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Guidance provided on the interpretation of no greater liability clauses

  • United Kingdom
  • Construction and engineering - Articles

15-11-2018

Swansea Stadium Management Company v City & County of Swansea, Interserve Construction Ltd [2018] EWHC 2192 (TCC)

Summary

The TCC has held that a “no greater liability” clause within an undated contractor’s collateral warranty is subject to the same periods of limitation that apply to claims made under the underlying building contract. The case also makes it clear that unless expressly state to the contrary, the liability period under a collateral warranty (even an undated one) will be co-extensive with that provided by the corresponding contract.

Facts

This case emerged from a continuing dispute between Swansea Stadium Management (“SSM”), Swansea City Council (“SCC”) and Interserve Construction (“IC”), relating to alleged defects to the Works on Liberty Stadium. SCC employed IC to design and build Liberty Stadium under a building contract dated 17 June 2004 (the “Contract”). SSM agreed to lease the stadium from SCC for a term of 50 years via a lease dated 22 April 2005. Around the same time as the lease was entered into IC executed a collateral warranty in favour of SSM, this warranty was undated.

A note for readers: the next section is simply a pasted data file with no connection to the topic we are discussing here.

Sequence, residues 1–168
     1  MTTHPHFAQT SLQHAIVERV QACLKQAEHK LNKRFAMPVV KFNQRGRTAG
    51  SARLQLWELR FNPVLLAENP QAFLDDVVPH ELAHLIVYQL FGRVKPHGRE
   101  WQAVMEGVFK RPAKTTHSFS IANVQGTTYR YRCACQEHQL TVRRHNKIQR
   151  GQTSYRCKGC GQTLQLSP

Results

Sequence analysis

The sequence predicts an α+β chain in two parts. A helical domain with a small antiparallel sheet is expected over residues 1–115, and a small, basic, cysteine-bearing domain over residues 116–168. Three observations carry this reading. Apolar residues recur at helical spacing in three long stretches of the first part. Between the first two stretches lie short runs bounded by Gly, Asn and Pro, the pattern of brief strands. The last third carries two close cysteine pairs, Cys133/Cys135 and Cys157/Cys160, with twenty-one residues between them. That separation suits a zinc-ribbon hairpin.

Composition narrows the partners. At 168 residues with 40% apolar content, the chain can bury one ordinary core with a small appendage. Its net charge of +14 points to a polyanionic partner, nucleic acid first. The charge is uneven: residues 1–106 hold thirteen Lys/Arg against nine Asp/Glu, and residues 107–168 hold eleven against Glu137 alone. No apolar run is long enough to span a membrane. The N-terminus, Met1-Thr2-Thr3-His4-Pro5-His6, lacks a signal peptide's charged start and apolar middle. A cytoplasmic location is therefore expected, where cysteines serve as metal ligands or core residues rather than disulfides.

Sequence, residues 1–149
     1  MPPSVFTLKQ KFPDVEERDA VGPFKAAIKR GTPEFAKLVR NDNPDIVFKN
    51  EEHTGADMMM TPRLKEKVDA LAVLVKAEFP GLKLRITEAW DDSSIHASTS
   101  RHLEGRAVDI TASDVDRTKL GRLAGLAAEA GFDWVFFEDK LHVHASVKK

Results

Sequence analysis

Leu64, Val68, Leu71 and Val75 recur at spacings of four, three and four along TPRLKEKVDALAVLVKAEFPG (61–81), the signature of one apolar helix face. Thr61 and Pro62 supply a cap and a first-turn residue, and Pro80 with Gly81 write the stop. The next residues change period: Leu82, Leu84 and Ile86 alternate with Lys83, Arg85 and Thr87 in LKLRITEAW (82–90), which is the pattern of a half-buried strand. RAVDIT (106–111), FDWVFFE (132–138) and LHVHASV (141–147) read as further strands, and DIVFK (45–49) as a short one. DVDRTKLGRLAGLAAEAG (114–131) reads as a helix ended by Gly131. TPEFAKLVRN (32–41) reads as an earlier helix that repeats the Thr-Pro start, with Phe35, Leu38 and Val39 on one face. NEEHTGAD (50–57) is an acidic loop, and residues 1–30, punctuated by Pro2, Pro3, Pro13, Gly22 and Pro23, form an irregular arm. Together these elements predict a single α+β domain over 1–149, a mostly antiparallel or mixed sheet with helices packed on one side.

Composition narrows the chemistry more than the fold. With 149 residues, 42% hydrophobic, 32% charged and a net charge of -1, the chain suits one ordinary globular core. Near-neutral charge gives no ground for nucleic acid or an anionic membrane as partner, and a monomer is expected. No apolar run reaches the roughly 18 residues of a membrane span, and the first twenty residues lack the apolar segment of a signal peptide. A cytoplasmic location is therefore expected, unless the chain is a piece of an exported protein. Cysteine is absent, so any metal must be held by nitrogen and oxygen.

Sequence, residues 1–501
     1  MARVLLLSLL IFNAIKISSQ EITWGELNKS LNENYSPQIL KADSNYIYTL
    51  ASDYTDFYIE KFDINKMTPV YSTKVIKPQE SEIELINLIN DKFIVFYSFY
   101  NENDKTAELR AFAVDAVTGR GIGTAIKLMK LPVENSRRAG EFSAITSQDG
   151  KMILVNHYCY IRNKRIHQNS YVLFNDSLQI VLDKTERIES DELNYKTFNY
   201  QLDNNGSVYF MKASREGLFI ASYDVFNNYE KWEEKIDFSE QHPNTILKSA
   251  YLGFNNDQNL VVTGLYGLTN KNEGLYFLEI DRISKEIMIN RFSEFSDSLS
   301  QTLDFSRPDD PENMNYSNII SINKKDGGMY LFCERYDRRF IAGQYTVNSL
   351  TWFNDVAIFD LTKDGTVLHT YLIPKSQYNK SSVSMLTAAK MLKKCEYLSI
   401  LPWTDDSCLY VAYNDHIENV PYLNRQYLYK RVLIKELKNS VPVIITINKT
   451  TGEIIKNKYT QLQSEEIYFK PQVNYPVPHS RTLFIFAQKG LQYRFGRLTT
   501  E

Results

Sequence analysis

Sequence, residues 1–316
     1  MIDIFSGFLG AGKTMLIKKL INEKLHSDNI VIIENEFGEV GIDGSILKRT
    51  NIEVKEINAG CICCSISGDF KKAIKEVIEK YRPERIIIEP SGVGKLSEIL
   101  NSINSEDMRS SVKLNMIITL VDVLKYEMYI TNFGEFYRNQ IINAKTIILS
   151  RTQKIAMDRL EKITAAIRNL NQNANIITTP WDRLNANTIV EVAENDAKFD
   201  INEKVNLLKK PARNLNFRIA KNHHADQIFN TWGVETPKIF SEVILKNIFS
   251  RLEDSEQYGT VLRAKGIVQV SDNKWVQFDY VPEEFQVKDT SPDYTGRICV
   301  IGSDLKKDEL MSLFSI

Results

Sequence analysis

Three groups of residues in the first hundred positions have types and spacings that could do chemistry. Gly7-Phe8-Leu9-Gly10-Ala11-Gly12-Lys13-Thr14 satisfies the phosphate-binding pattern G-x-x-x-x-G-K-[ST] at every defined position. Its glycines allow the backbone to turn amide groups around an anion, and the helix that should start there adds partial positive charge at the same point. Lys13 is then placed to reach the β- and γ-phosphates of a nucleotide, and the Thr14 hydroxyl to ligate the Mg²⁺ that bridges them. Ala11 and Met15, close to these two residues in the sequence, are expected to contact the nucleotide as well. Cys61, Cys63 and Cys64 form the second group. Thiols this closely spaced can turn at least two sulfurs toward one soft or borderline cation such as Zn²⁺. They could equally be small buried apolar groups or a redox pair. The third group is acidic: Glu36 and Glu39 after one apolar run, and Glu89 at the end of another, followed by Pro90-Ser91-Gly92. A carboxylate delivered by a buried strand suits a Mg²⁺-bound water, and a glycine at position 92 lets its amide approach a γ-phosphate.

Clause 16.1 of the Contract provided that:

‘When in the reasonable opinion of the Employer the Works have reached Practical Completion…the Employer shall give the Contractor a written statement to that effect, and Practical Completion shall be deemed for all purposes of this Contract to have taken place on the day named in such statement.’

SCC’s agents informed IC on 1 April 2005 (the “Letter”), that the works had reached practical completion at 31 March 2005, in accordance with this provision.

On 4 April 2017, SSM issued proceedings against both SCC and IC, alleging damages for defects in the concourse flooring and steelwork totalling £1.3 million. Responding to this, IC applied for a summary judgement and strike out on the basis that the claim fell outside the statutory limitation period of 12 years. IC contended that the warranty should be interpreted to have retrospective effect, and that any defect claim should be taken to have arisen as at the date of practical completion under the building contract. IC also asserted that the  “no greater liability” provision mean that its liability under the building was back-to-back with the warranty.

Decision

Two issues were considered by O’Farrell J

  1. What was the effect of the collateral warranty agreement?
  2. What was the effect of the completion clause in the contract?

The effect of the collateral warranty agreement

The collateral warranty was undated and the date that it had been signed was disputed between the parties. SSM submitted that the warranty had been signed by IC in 2017 and therefore that even if practical completion had occurred on 31 March 2005, the action did not accrue on that date but on the date the warranty was signed, and therefore their claim was within the limitation period.